Frederick E. Brenk - S.J Filippo Canali De Rossi, «The ‘Notorious’ Felix, Procurator of Judaea, and His Many Wives (Acts 23–24)», Vol. 82 (2001) 410-417
Confusion exists over both the gentilicium and the wives of Felix. As for the name, possibly both Antonius and Claudius are correct. In any case, the attempt to assign only the name Claudius to Felix rests on rather shaky ground. As for his wives, possibly none was a descendant of Kleopatra VII. But if she were, she would be a great-granddaughter rather than a granddaughter of the famous queen. An inscription adduced to fix Felix’ name and career is beset with many problems. Finally, we should take his reputation as ‘notorious’ with a grain of salt. But whether notorious or not, his rise was remarkable, deserving of awe if not admiration.
There are several problems with the sentimental life of Felix, the procurator of Judaea who examined Paul at Kaisareia (Caesarea Maritima), and with his name (gentilicium). Particular difficulty is caused by the identification of two wives, both named Drusilla1. Quite possibly the name of the first Drusilla is, in fact, the result of an error. If the historians are correct and she, by whatever name she was called, was in truth Felix’ wife, she must have been the great-granddaughter of Kleopatra VII and Marcus Antonius (Mark Antony), not the daughter or granddaughter as sometimes said2. In the new Oxford Classical Dictionary T. Rajak identifies Felix, an imperial freedman and the brother of Antonius Pallas, the financial secretary of the Emperor Claudius, as ‘perhaps Claudius Felix’ (rather than the other designation ‘Antonius Felix’)3. She states, then, through an obvious slip, that one of Felix’ three wives was the daughter of Antony and Cleopatra VII. The other, Drusilla, was a sister of M. Iulius Agrippa II (the King Agrippa of Acts). She also notes that the quarrel over control of Kaisareia between Jews and ‘Greeks’ led to Felix’ recall (‘date uncertain’).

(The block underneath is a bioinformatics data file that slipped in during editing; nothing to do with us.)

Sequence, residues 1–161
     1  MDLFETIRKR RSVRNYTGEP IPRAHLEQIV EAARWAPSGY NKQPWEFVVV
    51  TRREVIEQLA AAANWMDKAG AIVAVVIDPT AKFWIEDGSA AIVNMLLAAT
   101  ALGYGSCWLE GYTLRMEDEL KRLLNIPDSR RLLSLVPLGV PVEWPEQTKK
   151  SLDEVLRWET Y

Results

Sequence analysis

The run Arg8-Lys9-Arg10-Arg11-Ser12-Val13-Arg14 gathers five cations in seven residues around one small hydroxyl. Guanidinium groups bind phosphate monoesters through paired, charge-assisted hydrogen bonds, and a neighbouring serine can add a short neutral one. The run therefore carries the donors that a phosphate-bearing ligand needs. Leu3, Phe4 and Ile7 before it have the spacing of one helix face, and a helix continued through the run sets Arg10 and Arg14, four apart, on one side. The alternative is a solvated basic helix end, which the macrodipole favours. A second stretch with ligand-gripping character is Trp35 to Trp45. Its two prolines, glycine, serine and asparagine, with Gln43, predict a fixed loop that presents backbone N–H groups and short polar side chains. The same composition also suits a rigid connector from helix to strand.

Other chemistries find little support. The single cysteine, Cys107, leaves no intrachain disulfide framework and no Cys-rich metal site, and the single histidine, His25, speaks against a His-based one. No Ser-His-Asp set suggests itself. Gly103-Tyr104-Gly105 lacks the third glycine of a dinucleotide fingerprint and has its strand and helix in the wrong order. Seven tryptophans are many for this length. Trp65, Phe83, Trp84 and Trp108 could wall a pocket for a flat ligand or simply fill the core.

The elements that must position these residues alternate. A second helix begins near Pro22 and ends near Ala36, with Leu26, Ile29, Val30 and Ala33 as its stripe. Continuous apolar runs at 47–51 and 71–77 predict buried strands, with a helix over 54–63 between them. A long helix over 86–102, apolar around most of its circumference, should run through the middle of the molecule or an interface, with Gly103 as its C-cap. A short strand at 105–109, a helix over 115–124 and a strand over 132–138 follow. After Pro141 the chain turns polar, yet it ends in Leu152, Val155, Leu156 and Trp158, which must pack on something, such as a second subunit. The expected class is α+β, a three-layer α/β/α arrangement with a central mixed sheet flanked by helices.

1.The Gentilicium of Felix
The gentilicium of Felix (Claudius or Antonius) has puzzled scholars. There are a number of possibilities. Possibly neither Josephus nor Tacitus is